States.” In the Founding era, usurpation of the war power was
considered serious enough to merit the ultimate constitutional
remedy.

No president has yet been impeached for illegal warmaking, but
Richard Nixon came closest. In 1974, the House Judiciary Committee
debated impeaching Nixon for conducting a secret bombing campaign
in Cambodia “in derogation of the power of the Congress to
declare war.” The article never made it into the final
charges, possibly scuttled by Democratic leadership out of fear of
revealing “that a few prominent members
of their party had known about the secret bombing at the
time.” As Congressman William Hungate put it afterwards: “It’s kind of
hard to live with yourself when you impeach a guy for tapping
telephones and not for making war without authorization.”

Current members of Congress should find it hard to live with
themselves if they don’t do something …read more

Source: OP-EDS

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Analysis: What Wisconsin's Governor Gets Wrong About How Much Milwaukee’s School Voucher Program Costs — and How Much It’s Helping Students in (and out of) the Classroom

May 22, 2019 in Economics

By Corey A. DeAngelis, Will Flanders

Corey A. DeAngelis and Will Flanders

In a recent
74 Interview
, Wisconsin Gov. Tony Evers repeated a number of
misleading statements about private school choice programs in
justifying his efforts to freeze or end them. Here, we respond to three
of Evers’s claims.

“[The program is] costing hundreds and hundreds of
millions of dollars
.”

Advocates for educational
options for low-income families in Wisconsin must remain
vigilant.

Because the voucher amount is substantially less than the
funding level for traditional public schools, the program
represents a savings to taxpayers so long as a significant portion
of voucher students would have attended traditional public schools
in the absence of the voucher. The nonpartisan Legislative Fiscal
Bureau put the break-even point around 73 percent for Racine, and it would be
comparable in other districts. Dr. Robert Costrell of the School
Choice Demonstration Project at the University of Arkansas
similarly estimated the break-even to be around 74 percent and found that the program
saved around $32 million by 2008. Further, Dr. Martin Lueken of
EdChoice estimated the breakeven point to be around 75 percent for the Milwaukee voucher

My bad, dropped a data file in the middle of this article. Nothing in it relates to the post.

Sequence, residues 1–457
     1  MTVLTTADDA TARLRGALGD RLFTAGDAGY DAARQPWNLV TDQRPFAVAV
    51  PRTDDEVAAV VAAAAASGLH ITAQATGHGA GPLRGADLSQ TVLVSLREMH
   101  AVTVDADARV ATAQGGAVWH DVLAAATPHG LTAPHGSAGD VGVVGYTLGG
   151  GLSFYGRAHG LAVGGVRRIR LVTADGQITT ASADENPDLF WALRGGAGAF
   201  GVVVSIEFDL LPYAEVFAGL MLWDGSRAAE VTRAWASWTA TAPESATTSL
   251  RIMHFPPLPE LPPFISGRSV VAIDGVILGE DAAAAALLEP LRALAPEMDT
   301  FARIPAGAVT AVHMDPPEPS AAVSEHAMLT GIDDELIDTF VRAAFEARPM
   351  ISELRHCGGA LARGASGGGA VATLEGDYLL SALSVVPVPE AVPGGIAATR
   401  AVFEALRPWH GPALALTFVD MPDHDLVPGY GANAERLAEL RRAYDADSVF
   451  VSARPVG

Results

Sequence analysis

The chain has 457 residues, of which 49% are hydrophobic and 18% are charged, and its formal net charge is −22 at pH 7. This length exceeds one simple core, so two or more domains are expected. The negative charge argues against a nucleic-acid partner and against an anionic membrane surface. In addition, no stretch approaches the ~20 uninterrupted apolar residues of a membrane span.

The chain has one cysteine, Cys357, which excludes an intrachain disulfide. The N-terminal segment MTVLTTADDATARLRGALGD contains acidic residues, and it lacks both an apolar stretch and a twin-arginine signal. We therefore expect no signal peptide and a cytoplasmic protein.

program and found that the program saved Wisconsin taxpayers about
$343 million by 2015.

Given that most students using the voucher program are from
low-income households, it is likely that well over three-quarters
switch from public to private schools. In fact, the most recent experimental evaluation of the
Louisiana Scholarship Program — and the most recent experimental evaluation of the D.C.
Opportunity Scholarship Program — both found that 89 percent
of children who lost the voucher lottery attended public schools
without the voucher.

The bottom line? School choice saves taxpayer money in the
Badger State.

“The data we’ve had for 20-some years pretty
much shows that there’s not an appreciable – or any -
difference in academic achievement of kids that get a voucher and
those that go to regular public schools.”

While the inclusion of the caveat “not appreciable”
could allow for substantial hedging, the preponderance of
scientific evidence is hard to ignore. There is considerable
research on the Milwaukee Parental Choice Program – and most of the
rigorous evidence reveals benefits.

The two random assignment evaluations of the program, published
in the Quarterly Journal of Economics and Education and Urban Society, found that the
program increased students’ test scores. The more recent
longitudinal evaluation by the University of
Arkansas found that students participating in the program have
higher achievement growth in reading than their matched peers in
public schools, though similar achievement growth in math. An
evaluation …read more

Source: OP-EDS